A malware prevention strategy to complement StopRansomware.gov
According to a study from Cybersecurity Ventures, ransomware attacks happen every 11 seconds.
In response to this ever-increasing threat, the Department of Homeland Security and the Department of Justice launched StopRansomware.gov this past July. Billed as a “one-stop hub for ransomware resources for individuals, businesses, and other organizations,” the site consolidates ransomware information from federal agencies on how to report attacks and the latest ransomware-related alerts and threats. What it does not provide, however, is a strategy for creating an attack prevention plan.
While ransomware is currently headline-making, keep in mind that it is only one type of malware, such as viruses, Trojan horses, worms, spyware and more. Having a malware prevention plan in place is an absolutely essential arrow in the quiver of cybersecurity defenders. It enables agencies to be proactive and reduces the risks and expense from productivity loss in the event of an attack.
Prevention can be difficult, because threat actors know how antivirus tools work and how to evade them, but the essence of a malware prevention plan is having solutions at hand for a range of threats.
Agencies can reduce the risk of malware getting a foothold in their networks by implementing some of the following best practices.
Install secure file gateways. Threat experts agree that most ransomware attacks are rooted in email, and phishing is the most popular attack vector. Therefore, agencies must have solutions to prevent malware embedded in malicious code from getting into inboxes.
One approach to reducing risk is installing a secure file gateway, which uses advanced content disarm and reconstruction technology that singles out only the safe elements of each file, placing these known-good elements on a new, clean file template before delivering them to end users or devices.
An agency’s IT security team must make certain that this technology can understand and protect all file types. That means not only .ppt and .doc files, but pdfs, image files and even complex formats like Autodesk files. With such a gateway, any files coming into an agency can be considered safe, no matter what channels they use to enter.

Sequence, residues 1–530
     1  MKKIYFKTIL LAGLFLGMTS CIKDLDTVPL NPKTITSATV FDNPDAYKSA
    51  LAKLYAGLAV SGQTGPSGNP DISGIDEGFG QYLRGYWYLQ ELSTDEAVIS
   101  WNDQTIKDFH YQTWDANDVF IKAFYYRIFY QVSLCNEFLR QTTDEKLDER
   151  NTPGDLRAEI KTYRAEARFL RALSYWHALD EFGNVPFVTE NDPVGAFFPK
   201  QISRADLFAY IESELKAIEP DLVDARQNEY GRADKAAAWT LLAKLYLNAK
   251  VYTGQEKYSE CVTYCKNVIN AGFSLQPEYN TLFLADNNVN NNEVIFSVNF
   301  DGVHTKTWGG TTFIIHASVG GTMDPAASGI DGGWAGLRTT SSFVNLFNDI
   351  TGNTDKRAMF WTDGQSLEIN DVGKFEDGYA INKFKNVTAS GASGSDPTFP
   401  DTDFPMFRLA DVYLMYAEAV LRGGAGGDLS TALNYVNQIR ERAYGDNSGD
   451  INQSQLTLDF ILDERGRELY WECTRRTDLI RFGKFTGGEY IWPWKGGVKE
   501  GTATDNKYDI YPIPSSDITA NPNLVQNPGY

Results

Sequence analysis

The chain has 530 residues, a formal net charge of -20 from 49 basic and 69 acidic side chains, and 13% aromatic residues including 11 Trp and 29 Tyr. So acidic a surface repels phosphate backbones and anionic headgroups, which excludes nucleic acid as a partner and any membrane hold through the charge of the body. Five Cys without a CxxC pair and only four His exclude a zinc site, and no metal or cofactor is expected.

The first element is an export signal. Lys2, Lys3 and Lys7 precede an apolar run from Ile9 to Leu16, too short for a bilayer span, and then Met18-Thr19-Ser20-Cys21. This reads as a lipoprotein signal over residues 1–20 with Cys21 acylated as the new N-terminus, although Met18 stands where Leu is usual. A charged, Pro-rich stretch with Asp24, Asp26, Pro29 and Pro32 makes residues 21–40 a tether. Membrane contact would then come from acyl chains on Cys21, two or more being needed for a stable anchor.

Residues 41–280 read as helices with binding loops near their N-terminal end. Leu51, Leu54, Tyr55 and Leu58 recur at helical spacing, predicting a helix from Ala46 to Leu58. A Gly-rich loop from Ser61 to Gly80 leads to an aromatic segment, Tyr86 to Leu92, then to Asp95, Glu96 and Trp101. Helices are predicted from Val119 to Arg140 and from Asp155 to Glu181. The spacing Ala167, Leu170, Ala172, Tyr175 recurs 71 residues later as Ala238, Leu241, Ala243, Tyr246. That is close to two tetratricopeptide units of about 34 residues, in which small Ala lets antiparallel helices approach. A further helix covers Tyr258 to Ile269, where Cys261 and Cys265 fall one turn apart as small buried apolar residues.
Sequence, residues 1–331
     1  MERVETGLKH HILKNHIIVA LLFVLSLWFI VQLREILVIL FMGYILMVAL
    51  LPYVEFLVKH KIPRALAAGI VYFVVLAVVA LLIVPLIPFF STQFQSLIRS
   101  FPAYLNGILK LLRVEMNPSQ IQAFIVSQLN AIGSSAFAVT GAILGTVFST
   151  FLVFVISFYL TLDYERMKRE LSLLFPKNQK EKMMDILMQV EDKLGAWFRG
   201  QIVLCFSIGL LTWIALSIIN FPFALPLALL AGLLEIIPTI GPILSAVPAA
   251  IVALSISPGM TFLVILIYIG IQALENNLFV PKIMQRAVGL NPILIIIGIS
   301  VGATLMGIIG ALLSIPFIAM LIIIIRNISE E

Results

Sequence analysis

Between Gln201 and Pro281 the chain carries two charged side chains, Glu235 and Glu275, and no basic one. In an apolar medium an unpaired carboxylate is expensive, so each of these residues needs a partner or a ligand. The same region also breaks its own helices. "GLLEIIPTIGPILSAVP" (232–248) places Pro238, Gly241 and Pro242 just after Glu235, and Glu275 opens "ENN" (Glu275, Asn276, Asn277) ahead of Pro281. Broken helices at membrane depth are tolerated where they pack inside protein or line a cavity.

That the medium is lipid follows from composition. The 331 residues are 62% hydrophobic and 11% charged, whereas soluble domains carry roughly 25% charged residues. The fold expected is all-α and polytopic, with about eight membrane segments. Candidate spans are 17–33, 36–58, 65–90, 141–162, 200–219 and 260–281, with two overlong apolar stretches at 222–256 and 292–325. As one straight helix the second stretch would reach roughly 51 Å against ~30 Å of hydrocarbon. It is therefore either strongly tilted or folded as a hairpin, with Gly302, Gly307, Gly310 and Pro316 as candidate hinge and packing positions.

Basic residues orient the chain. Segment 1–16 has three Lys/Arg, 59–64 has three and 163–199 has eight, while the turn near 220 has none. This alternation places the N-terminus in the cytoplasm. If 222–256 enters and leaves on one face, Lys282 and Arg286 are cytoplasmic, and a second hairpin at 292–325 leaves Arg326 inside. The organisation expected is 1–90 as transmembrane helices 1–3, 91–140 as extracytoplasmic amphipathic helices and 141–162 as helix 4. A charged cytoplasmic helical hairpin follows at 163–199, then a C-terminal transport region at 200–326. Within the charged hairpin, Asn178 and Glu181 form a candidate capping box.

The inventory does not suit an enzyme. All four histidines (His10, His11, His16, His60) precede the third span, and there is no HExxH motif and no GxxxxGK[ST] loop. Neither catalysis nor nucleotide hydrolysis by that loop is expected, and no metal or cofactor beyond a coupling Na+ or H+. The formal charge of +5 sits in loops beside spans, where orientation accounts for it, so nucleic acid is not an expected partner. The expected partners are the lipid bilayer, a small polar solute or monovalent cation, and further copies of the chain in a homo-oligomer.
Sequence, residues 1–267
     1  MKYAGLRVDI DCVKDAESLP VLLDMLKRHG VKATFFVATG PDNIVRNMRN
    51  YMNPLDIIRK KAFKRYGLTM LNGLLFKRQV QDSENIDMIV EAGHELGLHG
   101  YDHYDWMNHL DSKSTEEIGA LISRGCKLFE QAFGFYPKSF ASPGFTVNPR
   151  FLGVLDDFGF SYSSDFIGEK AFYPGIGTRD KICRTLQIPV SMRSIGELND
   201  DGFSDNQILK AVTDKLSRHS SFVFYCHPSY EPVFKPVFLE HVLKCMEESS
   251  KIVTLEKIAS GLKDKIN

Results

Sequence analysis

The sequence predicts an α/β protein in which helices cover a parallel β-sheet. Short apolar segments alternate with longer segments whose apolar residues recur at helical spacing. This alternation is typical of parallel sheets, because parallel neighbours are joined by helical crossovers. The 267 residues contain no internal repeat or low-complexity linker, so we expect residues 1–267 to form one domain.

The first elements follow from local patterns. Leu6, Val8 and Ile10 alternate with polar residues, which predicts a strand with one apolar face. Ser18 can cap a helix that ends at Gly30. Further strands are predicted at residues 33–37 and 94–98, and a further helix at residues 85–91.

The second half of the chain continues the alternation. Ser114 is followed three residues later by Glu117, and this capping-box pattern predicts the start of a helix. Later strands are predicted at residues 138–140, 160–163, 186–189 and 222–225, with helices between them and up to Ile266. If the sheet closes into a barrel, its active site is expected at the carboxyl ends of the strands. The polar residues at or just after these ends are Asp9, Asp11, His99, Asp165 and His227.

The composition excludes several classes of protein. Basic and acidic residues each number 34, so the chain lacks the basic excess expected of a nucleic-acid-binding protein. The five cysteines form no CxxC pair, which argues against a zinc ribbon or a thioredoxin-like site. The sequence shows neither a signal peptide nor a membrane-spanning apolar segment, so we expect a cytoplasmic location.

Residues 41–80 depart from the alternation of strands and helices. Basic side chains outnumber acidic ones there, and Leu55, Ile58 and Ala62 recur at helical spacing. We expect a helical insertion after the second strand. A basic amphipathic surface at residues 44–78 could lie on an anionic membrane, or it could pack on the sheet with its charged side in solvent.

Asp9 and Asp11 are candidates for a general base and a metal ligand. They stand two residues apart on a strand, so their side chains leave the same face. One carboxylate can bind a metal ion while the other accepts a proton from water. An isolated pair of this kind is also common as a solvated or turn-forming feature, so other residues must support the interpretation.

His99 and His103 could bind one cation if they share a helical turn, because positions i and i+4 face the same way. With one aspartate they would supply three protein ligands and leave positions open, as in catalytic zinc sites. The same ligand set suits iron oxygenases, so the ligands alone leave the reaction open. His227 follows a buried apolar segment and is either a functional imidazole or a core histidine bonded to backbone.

More than simply blocking discovered threats, a secure file gateway will prevent both known and unknown threats from getting a toehold in a system to begin with – even zero-day threats.
A malicious file can easily slip into an inbox. Implementing a secure file gateway will help ensure that any file received within an agency is completely safe to open. That’s absolutely essential to limit the spread of ransomware.
Conduct phishing awareness training. Because malware delivery models rely on social engineering, it’s essential agencies train their employees to recognize phishing attacks. Phishing awareness training gives employees practical experience recognizing attack patterns and helps organizations strengthen their security posture. Keep in mind, however, that training on its own is not a foolproof way to avoid attacks.
Install security updates. Many malware variants use known vulnerabilities in software, hardware and firmware. Installing recommended security updates as soon as possible reduces risks not only from malware but from other attack methodologies as well.
Enforce strong password policy. To reduce the risk of keylogger malware, it’s essential to have employees use unique, strong passwords for every application and login. That way, even if a keylogger captures one password, it cannot be used to access multiple resources or various different accounts.
Limit application privileges. To limit bad actors’ movements within systems and networks, it’s important to apply fine-grained access controls to critical data and applications. Granular access controls should define which users can access files and folders and what operations they can perform (encrypt/decrypt, read, write, etc.) Many applications, such as PowerShell, have risky privileges. By limiting what users can do, agencies also limit how bad actors can use them in ransomware attacks.
“3-2-1” data backup and recovery. Using best practices for data backup and recovery can reduce the harm done by ransomware, which often damages data integrity. Agencies should follow the “3-2-1” data backup model: Three copies of data, in two formats, with one copy offsite.
Endpoint security. Antivirus software mitigates the risks from malware; it doesn’t eliminate those risks. While known malware can be prevented by AV software, unknown or zero-day malware is still likely to make it through. Endpoint security will help, provided the other prevention tactics detailed here are part of a comprehensive malware prevention plan.
By educating employees in phishing awareness training, following best practices and implementing a malware prevention solution such as a gateway, agencies can greatly reduce the chances of being exposed to damaging ransomware attacks.
Lloyd Mitchell is president of Thales Trusted Cyber Technologies.
Aviv Grafi is CTO and founder of Votiro.